Four Days in Beijing: Applying for the Turkmen Visa

So this is gonna be my only Beijing post, unfortunately. I originally came here for one purpose and had intended to do some sightseeing along the way, but I didn’t anticipate that single purpose consuming so much time.

I think I said in my previous post with my travel plans that I came to Beijing specifically because Turkmenistan has an embassy here. If I didn’t, well there you go. Turkmenistan is one of those countries where tourism is generally not done, so the process for getting a visa is quite difficult. The biggest reason is that you have to apply for the visa directly at an embassy. Since they don’t maintain an embassy in Kathmandu, that made Beijing my first stop (though I would have preferred to go to Shanghai).

So let’s recap what I’ve had to do for this visa in the last four days.


Saturday: The First Visit to the Embassy

I’m going to preface this by saying I was an idiot for even attempting to go on Saturday. But the positive is that I actually found the embassy, which turned out to be a lot more difficult than I was expecting.

In Beijing, most of the embassies are in the northeast quarter of the city. My hostel is in the dead center, close to Tiananmen Square. That meant a long subway ride with several transfers, and then walking for nearly an hour after that. And that’s assuming I find it right away, which I didn’t.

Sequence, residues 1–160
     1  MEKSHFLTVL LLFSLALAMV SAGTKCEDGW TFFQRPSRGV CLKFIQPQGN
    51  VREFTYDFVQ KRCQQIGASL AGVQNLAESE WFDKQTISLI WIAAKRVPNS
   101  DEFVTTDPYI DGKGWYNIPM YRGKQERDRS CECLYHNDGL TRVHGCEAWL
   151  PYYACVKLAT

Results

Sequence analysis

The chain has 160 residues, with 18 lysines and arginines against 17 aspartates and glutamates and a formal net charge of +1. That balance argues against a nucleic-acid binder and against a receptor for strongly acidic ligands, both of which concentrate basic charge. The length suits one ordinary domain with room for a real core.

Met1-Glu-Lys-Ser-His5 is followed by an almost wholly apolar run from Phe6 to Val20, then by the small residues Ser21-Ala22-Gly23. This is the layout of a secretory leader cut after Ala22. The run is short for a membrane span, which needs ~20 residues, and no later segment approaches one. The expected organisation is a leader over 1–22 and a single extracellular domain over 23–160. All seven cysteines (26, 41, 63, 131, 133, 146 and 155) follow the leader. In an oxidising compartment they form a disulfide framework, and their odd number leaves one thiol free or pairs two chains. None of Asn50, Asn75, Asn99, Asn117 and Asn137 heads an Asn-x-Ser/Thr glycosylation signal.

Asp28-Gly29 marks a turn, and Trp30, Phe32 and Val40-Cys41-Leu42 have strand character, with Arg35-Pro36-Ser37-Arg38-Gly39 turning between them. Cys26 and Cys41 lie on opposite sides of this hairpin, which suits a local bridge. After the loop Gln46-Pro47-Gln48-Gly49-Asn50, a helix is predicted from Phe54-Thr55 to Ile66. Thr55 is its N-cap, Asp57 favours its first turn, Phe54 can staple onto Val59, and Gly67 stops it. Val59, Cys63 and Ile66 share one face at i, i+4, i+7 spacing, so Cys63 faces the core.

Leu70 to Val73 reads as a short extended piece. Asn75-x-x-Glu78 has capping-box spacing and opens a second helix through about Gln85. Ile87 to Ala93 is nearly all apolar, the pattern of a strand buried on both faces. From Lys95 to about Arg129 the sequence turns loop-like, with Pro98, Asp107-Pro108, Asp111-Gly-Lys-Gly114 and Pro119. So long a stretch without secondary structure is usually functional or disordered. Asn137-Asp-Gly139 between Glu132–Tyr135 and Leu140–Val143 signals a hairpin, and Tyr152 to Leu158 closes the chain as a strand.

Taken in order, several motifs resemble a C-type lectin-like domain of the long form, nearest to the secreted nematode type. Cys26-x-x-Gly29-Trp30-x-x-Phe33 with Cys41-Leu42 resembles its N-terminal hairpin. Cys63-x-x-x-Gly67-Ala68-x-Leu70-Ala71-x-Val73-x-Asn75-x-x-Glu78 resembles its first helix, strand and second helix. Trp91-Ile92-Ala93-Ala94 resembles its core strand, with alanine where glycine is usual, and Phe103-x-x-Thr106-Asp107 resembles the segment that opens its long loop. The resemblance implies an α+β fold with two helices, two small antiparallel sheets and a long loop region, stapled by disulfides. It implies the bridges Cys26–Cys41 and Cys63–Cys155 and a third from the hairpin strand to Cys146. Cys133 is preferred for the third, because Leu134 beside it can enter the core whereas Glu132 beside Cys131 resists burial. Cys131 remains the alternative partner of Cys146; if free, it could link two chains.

I’ve come to notice here in China that locations on maps aren’t always reliable, even with official places like embassies. Add in the extra factor of different map programs disagreeing on basic things like whether or not certain streets and buildings even exist, and you have quite the scavenger hunt going. The bonus is that very few people speak English here.

I got off the train and followed the street to where the embassy was supposed to be. The street that the map showed wasn’t there, so I kept walking. Once I knew that I was well past where it should’ve been, I turned back to see if I somehow missed something. To my eye, I hadn’t.

In need of a better map, I went to a hotel’s Starbucks a few kilometers away and got on the wifi. I got my map, went to the updated location a few kilometers in the opposite direction, got lost again, went back to the Starbucks for more wifi, and then returned once more.